Security Interface for Berkeley DB

Susan LoVerso
Rev 1.6
2002 Feb 26

We provide an interface allowing secure access to Berkeley DB.   Our goal is to allow users to have encrypted secure databases.  In this document, the term ciphering means the act of encryption or decryption.  They are equal but opposite actions and the same issues apply to both just in the opposite direction.


The overriding requirement is to provide a simple mechanism to allow users to have a secure database.  A secure database means that all of the pages of a database will be encrypted, and all of the log files will be encrypted.

Falling out from this work will be a simple mechanism to allow users to request that we checksum their data for additional error detection (without encryption/decryption).

We expect that data in process memory or stored in shared memory, potentially backed by disk, is not encrypted or secure.

DB Method Interface Modifications

With a logging environment, all database changes are recorded in the log files.  Therefore, users requiring secure databases in such environments also require secure log files.

A prior thought had been to allow different passwords on the environment and the databases within.  However, such a scheme, then requires that the password be logged in order for recovery to be able to restore the database.  Therefore, any application having the password for the log could get the password for any databases by reading the log.  So having a different password on a database does not gain any additional security and it makes certain things harder and more complex.  Some of those more complex things include the need to handle database and env passwords differently since they'd need to be stored and accessed from different places.  Also resolving the issue of how db_checkpoint or db_sync, which flush database pages to disk, would find the passwords of various databases without any dbps was unsolved.  The feature didn't gain anything and caused significant pain.  Therefore the decision is that there will be a single password protecting an environment and all the logs and some databases within that environment.  We do allow users to have a secure environment and clear databases.  Users that want secure databases within a secure environment must set a flag.

Users wishing to enable encryption on a database in a secure environment or enable just checksumming on their database pages will use new flags to DB->set_flags().  Providing ciphering over an entire environment is accomplished by adding a single environment method: DBENV->set_encrypt().  Providing encryption for a database (not part of an environment) is accomplished by adding a new database method: DB->set_encrypt().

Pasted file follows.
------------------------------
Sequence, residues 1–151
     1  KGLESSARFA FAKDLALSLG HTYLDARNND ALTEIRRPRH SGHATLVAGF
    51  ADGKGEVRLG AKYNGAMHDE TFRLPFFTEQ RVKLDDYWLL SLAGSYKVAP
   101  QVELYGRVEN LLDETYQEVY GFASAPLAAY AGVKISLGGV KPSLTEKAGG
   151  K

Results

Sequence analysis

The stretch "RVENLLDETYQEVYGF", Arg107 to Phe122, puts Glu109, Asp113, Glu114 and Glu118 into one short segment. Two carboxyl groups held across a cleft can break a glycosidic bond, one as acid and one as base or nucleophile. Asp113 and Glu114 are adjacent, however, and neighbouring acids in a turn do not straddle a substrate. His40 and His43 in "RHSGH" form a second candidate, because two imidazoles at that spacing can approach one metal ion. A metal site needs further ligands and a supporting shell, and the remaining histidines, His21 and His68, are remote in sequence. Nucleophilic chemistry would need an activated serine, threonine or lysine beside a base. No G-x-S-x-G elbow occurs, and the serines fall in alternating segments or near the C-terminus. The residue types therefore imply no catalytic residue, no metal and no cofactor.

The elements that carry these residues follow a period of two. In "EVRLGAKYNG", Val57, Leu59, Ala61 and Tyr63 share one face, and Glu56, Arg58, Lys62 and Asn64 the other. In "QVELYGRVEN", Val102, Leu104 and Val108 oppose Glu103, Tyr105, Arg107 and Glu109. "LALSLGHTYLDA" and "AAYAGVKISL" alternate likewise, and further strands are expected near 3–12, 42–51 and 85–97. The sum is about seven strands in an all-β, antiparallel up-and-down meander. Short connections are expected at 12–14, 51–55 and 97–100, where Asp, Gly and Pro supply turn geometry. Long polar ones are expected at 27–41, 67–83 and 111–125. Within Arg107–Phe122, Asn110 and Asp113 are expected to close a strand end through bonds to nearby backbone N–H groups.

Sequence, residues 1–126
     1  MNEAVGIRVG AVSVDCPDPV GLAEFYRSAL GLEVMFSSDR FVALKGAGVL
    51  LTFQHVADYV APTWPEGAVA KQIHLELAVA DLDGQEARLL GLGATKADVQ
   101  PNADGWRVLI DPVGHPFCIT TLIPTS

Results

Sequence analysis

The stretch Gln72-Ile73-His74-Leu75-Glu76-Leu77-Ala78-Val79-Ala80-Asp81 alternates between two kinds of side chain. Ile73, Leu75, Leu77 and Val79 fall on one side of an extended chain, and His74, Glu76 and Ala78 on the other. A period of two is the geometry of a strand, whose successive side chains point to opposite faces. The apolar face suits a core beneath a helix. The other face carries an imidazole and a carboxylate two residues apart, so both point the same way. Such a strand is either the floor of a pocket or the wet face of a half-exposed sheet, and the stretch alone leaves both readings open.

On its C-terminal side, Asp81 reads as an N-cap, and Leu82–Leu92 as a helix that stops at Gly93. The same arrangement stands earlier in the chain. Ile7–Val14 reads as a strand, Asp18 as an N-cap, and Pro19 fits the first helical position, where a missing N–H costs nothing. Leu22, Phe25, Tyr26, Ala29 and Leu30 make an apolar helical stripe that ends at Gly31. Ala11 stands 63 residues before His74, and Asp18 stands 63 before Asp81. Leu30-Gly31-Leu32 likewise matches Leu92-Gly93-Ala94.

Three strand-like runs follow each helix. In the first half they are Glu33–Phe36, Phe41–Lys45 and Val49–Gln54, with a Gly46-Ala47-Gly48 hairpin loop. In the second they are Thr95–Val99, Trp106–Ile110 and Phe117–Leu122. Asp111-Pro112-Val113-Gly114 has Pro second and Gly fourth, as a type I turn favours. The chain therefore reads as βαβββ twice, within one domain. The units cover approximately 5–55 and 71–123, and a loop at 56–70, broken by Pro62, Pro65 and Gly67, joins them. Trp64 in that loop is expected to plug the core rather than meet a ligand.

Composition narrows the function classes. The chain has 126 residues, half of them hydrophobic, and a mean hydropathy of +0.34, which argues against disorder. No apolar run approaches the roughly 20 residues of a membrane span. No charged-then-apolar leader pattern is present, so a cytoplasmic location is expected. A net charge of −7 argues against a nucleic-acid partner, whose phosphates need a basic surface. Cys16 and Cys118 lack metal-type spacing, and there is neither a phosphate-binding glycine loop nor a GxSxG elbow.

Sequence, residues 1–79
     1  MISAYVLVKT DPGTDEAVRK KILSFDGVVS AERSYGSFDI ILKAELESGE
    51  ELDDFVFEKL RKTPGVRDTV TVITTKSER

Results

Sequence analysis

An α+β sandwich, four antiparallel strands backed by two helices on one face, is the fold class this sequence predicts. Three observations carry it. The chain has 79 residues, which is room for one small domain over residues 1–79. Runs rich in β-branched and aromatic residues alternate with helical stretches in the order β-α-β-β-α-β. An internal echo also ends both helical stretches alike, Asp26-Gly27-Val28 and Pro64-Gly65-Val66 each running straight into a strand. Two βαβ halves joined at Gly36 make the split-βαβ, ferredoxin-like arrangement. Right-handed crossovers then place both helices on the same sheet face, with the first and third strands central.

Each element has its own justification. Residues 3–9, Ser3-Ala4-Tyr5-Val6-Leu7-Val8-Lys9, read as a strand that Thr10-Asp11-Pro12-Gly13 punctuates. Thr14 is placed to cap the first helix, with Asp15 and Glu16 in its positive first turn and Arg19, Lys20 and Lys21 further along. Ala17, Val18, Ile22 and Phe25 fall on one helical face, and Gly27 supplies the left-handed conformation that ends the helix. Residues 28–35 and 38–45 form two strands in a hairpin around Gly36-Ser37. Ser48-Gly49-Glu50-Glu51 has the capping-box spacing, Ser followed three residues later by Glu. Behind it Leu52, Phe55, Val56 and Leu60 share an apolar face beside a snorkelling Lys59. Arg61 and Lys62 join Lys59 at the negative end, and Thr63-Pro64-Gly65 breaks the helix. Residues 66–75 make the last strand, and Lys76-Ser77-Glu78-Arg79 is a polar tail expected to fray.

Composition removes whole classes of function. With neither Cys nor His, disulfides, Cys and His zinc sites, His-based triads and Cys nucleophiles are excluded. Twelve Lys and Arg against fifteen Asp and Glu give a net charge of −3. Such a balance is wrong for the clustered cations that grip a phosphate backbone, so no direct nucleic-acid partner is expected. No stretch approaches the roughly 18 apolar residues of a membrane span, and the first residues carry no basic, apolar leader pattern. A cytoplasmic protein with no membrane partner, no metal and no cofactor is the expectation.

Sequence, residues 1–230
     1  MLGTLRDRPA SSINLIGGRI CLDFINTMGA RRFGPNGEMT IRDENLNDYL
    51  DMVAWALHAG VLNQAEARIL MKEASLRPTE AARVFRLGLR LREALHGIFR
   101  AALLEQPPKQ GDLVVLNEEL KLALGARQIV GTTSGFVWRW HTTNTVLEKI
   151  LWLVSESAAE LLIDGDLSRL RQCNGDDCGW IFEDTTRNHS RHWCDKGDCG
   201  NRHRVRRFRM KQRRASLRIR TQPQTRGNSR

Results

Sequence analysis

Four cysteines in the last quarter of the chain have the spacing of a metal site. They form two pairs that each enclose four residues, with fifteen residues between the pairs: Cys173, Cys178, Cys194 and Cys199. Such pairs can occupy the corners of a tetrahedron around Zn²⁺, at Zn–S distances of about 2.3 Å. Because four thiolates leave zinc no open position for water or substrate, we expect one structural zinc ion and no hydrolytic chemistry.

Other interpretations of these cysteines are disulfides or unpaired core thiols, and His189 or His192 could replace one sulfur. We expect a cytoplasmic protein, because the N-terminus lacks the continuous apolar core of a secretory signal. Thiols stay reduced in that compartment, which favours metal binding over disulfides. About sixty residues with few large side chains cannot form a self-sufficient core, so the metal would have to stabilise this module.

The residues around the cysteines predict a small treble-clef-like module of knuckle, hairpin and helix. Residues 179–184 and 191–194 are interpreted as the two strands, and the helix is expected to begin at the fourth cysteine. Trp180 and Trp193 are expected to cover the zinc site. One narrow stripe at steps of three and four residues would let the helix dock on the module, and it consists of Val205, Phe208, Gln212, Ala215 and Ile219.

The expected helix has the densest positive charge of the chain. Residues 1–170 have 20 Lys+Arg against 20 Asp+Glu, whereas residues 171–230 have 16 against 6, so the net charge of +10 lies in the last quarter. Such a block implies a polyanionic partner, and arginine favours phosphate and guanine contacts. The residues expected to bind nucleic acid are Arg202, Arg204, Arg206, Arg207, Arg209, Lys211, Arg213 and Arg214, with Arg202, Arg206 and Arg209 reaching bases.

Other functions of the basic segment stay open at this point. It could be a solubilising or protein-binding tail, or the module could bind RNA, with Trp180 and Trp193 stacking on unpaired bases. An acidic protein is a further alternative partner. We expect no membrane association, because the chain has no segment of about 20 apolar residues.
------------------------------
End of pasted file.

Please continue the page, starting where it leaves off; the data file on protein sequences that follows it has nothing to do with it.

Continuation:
Both of the set_encrypt methods must be called before their respective open calls.  The environment method must be before the environment open because we must know about security before there is any possibility of writing any log records out.  The database method must be before the database open in order to read the root page.  The planned interfaces for these methods are:

DBENV->set_encrypt(DBENV *dbenv,        /* DB_ENV structure */
                  char *passwd          /* Password */
                  u_int32_t flags);     /* Flags */
DB->set_encrypt(DB *dbp,             /* DB structure */
               char *passwd          /* Password */
               u_int32_t flags);     /* Flags */
The flags accepted by these functions are:
#define DB_ENCRYPT_AES  0x00000001  /* Use the AES encryption algorithm */
Passwords are NULL-terminated strings.  NULL or zero length strings are illegal.  These flags enable the checksumming and encryption using the particular algorithms we have chosen for this implementation.  The flags are named such that there is a logical naming pattern if additional checksum or encryption algorithms are used. If a user gives a flag of zero, it will behave in a manner similar to DB_UNKNOWN. It will be illegal if they are creating the environment or database, as an algorithm must be specified. If they are joining an existing environment or opening an existing database, they will use whatever algorithm is in force at the time.  Using DB_ENCRYPT_AES automatically implies SHA1 checksumming.

These functions will perform several initialization steps.  We will allocate crypto_handle for our env handle and set up our function pointers.  We will allocate space and copy the password into our env handle password area.  Similar to DB->set_cachesize, calling DB->set_encrypt will actually reflect back into the local environment created by DB.

Lastly, we will add a new flag, DB_OVERWRITE, to the DBENV->remove method.  The purpose of this flag is to force all of the memory used by the shared regions to be overwritten before removal.  We will use rm_overwrite, a function that overwrites and syncs a file 3 times with varying bit patterns to really remove a file.  Additionally, this flag will force a sync of the overwritten regions to disk, if the regions are backed by the file system.  That way there is no residual information left in the clear in memory or freed disk blocks.  Although we expect that this flag will be used by customers using security, primarily, its action is not dependent on passwords or a secure setup, and so can be used by anyone.